Tuesday, April 13, 2010

Focusing on The Why? Not the What? …of CSR

We’ve all done it….asked the question at a social event…”What do you do?”- But how often do we ask “Why do you do that?”

In the rush to get on the social responsibility bandwagon, corporations may be happy to tout the –what they do answer without much real understanding of the why.

Whether on an individual or corporate level this “why” - speaks to a simple values clarification model I learned years ago. In order for something to be considered a value it has to be; chosen freely, from alternatives, prized and honored, and finally – acted upon. Often, someone who can answer the “why” comes from a deep based value system.

If a company’s response to the “why” question cannot stretch beyond –“because our customers expect it” or the more generic “because it is the right thing to do” – chances are they have not adopted the value of CSR as a strategic priority.

In a great discussion paper on the value of International Corporate Volunteer Programs FSG – Social Impact Advisors suggested that companies that “get it” will ask… What strategic benefit is the company accruing and how effective have employees been at adding value to society? and as such, will focus on counting both the outputs and outcomes of their efforts. The outputs are to be used for the CSR report, brand marketing and other public relations processes. They can count the number of hours volunteered, the number of meals served at a food program or the number of dollars raised for a cause.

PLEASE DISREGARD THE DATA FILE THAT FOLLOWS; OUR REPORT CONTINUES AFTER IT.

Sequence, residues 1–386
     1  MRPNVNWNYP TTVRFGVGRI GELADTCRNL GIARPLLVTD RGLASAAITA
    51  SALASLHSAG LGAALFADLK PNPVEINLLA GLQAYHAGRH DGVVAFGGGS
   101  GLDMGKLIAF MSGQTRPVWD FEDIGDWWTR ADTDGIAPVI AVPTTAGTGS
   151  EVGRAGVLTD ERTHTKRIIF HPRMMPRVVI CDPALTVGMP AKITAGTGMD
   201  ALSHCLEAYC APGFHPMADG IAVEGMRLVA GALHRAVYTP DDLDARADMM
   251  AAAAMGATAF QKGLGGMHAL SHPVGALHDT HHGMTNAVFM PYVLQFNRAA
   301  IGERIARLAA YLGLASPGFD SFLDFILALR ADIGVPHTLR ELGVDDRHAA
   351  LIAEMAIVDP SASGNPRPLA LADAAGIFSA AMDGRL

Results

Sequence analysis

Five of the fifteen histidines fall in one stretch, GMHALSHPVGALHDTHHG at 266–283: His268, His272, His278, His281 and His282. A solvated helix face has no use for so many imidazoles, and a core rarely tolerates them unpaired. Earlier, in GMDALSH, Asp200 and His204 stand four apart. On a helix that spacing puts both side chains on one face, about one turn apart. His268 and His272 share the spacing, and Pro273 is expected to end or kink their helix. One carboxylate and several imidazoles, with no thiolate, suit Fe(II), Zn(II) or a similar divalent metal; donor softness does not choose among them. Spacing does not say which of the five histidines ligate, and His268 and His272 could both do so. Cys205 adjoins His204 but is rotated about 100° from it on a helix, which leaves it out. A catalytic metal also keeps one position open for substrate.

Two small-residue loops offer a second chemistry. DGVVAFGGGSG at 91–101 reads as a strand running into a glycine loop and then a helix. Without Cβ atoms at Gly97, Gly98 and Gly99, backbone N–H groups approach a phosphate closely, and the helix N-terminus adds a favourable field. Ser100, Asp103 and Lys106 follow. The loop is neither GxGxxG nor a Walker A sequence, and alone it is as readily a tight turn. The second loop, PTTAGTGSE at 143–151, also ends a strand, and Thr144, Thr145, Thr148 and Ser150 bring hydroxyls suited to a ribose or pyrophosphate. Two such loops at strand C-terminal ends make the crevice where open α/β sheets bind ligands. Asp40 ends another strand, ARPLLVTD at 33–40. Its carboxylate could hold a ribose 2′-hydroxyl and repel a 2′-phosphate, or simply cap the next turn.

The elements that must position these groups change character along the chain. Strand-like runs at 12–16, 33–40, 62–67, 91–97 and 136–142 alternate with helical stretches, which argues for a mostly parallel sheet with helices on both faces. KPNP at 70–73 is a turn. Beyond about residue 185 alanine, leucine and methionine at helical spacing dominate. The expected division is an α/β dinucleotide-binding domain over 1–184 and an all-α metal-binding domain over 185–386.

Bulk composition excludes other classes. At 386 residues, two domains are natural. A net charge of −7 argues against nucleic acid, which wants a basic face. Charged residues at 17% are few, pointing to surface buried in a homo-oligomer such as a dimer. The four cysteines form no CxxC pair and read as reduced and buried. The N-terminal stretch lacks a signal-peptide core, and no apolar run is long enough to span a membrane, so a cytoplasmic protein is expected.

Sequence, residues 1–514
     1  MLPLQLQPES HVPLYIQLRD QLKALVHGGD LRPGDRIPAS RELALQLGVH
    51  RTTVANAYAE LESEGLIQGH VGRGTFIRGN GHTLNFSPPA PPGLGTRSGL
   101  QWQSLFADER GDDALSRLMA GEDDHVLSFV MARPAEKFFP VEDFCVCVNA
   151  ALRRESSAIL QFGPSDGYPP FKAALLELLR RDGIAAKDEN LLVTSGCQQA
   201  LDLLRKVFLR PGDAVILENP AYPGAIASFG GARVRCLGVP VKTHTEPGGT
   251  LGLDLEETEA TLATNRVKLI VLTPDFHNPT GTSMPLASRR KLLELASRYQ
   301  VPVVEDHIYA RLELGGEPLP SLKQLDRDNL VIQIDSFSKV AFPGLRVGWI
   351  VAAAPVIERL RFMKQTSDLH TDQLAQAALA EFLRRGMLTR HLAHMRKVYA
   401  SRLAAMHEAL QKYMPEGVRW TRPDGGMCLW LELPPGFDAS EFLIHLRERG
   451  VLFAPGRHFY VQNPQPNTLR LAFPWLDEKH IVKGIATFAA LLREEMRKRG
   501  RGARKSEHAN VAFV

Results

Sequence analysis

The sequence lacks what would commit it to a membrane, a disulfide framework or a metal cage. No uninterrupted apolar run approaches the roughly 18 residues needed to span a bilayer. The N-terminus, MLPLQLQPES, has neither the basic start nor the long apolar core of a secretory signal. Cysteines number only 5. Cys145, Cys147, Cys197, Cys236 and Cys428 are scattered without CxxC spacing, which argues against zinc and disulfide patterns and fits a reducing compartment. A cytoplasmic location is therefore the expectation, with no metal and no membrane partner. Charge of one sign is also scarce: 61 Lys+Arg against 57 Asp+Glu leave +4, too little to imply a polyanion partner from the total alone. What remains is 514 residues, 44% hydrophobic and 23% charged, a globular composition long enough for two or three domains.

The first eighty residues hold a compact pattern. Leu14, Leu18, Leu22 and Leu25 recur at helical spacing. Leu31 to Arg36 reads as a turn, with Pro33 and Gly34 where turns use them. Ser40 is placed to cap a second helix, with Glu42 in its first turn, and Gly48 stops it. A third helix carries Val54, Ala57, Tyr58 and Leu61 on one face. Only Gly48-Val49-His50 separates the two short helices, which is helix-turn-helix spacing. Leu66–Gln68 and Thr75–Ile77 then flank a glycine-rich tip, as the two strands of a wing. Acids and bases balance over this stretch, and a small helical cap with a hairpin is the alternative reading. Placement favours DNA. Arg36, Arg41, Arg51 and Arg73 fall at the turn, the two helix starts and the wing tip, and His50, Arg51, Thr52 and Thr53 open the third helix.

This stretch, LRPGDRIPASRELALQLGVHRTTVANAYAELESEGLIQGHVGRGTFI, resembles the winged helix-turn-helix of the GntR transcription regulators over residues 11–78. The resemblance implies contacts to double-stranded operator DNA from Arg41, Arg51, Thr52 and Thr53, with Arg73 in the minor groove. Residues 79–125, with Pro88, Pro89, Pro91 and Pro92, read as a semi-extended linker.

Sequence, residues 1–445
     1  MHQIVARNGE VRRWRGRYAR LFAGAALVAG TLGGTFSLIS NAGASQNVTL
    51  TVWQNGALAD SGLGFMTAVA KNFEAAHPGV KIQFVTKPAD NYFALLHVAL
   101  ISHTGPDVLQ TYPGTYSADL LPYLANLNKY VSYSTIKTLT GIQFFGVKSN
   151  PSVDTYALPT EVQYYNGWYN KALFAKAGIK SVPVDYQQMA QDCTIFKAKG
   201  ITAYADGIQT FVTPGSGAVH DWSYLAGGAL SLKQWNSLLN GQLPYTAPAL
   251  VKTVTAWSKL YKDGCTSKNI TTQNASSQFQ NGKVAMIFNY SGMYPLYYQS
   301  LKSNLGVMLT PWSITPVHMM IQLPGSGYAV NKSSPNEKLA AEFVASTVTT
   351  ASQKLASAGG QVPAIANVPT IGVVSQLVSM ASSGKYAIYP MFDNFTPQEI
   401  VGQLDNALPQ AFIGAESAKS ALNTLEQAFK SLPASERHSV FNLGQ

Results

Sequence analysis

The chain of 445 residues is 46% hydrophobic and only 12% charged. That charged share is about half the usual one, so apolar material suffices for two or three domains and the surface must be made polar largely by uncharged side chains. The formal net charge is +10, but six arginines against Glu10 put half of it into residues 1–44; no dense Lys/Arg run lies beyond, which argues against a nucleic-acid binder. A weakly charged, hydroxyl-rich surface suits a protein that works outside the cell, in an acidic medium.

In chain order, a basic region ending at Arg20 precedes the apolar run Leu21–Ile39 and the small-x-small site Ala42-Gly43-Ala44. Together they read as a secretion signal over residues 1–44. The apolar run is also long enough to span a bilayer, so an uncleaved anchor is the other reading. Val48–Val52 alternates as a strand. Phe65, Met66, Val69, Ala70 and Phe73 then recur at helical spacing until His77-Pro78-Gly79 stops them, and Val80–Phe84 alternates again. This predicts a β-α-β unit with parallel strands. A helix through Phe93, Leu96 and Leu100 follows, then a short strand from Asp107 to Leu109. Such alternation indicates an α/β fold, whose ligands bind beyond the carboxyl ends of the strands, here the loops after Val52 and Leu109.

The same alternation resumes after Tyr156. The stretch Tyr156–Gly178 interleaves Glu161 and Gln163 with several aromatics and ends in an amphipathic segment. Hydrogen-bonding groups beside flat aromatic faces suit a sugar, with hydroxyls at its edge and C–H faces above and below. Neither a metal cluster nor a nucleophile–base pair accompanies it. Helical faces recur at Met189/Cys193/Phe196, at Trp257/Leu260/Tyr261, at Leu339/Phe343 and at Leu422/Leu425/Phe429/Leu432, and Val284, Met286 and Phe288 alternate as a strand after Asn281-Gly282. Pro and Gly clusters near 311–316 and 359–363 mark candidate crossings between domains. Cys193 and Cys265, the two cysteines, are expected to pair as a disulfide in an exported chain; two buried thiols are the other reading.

The outcomes are more challenging – but can be focused on enhanced employee morale, engagement, recruitment and new skill acquisition or, even as The Acacia Group proposes, new leadership skills. The FSG paper provides a model that distinguishes between the generic traditional volunteer efforts, programs that are strategically aligned to assist development in the value chain or to be high-impact skills based service that leverage corporate resources. The point here is that the corporation needs to consider in advance what they wish to achieve for themselves and how they will contribute to a better society. This requires strategic thinking and longer term planning and measurement that could occur over years of engagement.

The buzz of whether CSR is a PR shell game and has a short life or is a true strategic business imperative- can be addressed by these value based decisions. If a company does not choose their CSR activities wisely, does not contemplate the value, does not allocate the resources to support the activity, and does not act upon them consistently or over time –the initiative will fail. The volunteers will feel their efforts are shallow, the executive will be tainted by the failure and will be less likely to sponsor the next CSR project and the NGO will be wary about the next “great idea”. Frankly – those organizations who want to just “test the waters” of CSR and only skim the surface without understanding their “why” are better off staying out of the water.

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